Dubbed ‘Adelaide’s newest premier music festival’, the Hindley Street Music Hall sits in the skeleton of the former HQ nightclub on Hindley Street, and can fit a whopping 1,800 revellers inside.
Beyond venue and festival management, the pair teamed up with former Five Four intern - now a young entrepreneur in her own right - Alexandra Karatassa who co-owns club night operator Plus One Co.
Having started the nights in Adelaide, Karatassa and the Five Four co-founders now run the popular events nationally and internationally, including indie night Transmission, emo night Taking Back Saturday, pop night Superficial and much more.
59. Harry Karefilakis (35)
Kare Group, Ethos Electrical Services, All Steel Designs
Now in business for more than a decade, Kare Group has found its niche in electrical contracting, security and communications services for predominantly large clients and builders. For founder Harry Karefilakis workplace culture means everything to that success.
“We're knocking back million-dollar jobs because we have so much work. We’re picking and choosing what jobs we do,” he says.
“We’ve got a good reputation and I want to keep it going. If you take on too much there’s the staff element - systems break down, culture breaks down. We want to be in control.”
That said, the entrepreneur’s business does keep growing and he believes this is key for providing career growth opportunities within the group.
In 2021 Karefilakis mimicked the Kare Group business model by founding a new company Ethos Electrical Services, tailored to larger, unionised projects – an endeavour that has borne fruit over the past 12 months by winning two apartment projects and one office building.
In a short space of time Ethos has come to account for around a quarter of turnover across Karefilakis’ companies, while another business launched in late 2021 - All Steel Designs, focused on steel doors and front doors – continues to deliver solid results.
60. Braden Voigt (40)
Harnessing the power of artificial intelligence and machine learning, software developer Lynkz has attracted a wide pool of clients that range from international law firms all the way to ASX-listed companies.
The company recently opened up operations in New Zealand, adding to existing operations in Singapore and Indonesia – where Lynkz has worked with Honda Motors to create a dealer management platform.
“It’s been crazy. Our revenue has skyrocketed. All of that comes down to increasing staff count. We've brought in HR internally; we've hired a chief marketing officer (CMO). We're spending - we've ramped up all our marketing efforts,” Voigt says.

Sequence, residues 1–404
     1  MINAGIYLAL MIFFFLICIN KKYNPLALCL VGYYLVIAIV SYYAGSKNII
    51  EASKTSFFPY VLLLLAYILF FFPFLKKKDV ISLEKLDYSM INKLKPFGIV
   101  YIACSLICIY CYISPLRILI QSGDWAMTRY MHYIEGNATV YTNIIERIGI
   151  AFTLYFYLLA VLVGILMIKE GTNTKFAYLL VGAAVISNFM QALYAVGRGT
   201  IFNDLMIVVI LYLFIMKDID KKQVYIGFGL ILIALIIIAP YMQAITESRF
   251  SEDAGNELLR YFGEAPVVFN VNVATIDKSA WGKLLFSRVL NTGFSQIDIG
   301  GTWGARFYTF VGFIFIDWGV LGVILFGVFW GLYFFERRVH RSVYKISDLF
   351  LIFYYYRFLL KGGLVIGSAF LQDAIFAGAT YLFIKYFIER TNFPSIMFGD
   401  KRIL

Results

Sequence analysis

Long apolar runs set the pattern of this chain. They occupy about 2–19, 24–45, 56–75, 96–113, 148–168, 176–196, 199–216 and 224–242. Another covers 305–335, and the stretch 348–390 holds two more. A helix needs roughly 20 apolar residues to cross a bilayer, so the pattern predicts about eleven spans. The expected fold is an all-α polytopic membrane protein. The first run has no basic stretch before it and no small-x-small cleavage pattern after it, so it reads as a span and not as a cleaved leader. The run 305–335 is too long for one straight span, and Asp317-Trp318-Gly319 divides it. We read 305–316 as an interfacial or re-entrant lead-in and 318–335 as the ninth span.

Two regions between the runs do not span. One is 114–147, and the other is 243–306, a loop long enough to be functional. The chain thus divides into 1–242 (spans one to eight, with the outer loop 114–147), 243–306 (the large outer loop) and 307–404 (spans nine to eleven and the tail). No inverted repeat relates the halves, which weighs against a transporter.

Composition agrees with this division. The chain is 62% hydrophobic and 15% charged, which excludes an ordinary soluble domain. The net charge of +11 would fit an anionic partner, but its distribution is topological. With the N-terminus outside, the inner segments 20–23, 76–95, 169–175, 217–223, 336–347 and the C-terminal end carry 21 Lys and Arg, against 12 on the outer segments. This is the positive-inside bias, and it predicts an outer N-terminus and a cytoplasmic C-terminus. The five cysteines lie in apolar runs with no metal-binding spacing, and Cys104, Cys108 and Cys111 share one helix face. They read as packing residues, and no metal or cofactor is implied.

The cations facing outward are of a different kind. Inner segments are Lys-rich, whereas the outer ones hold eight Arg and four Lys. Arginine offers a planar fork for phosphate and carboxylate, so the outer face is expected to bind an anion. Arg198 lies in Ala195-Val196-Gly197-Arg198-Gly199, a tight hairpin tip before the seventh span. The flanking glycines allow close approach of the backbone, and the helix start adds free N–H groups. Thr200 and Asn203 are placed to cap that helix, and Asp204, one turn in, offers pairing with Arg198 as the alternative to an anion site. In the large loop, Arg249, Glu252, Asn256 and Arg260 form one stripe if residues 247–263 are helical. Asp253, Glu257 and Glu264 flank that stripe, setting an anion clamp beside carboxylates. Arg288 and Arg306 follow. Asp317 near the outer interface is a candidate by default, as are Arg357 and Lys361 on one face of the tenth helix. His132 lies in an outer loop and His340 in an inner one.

“We're working with massive companies like King & Wood Mallesons and National Storage - the largest storage company in Australia and in New Zealand.
“They have an enormous footprint, but they have enormous complexity. That's why we generally work with these sorts of companies - we don't do small projects.”
Meanwhile, traction is picking up for AI video and image analysis platform PolyVision, which has transformed food and manufacturing processes by providing real time analysis and quality assurance service.
“We have a client in Melbourne called Moreland Meat Poultry. We've actually monitored one of their production lines. They produce 100 different products for Coles (ASX: COL), Woolworths (ASX: WOW) and IGA – chicken schnitzels, chicken kievs, chicken nuggets,” Voigt says.
“We look for holes in the product - if there's meat being exposed, it wasn't crumbed properly. It could be that it's been overcooked, or it's just not a good quality product. We flag that straightaway in the system.”
Other industries making use of the technology include infrastructure management, traffic management and wildlife management – a sector that is using PolyVision’s tools to track animals in zoos, farms or national parks.
To make the most of such innovation, Voigt notes he is keeping his mind open to raising capital.
“Getting money is not hard. What is hard is getting an intelligent investor that believes in your product - that has something to offer to the product and the company,” he says.
“The sky's the limit with this product, that’s why it’s growing so rapidly. We're questioning at this point: Do we actually raise capital or do we let it keep going the way it is?”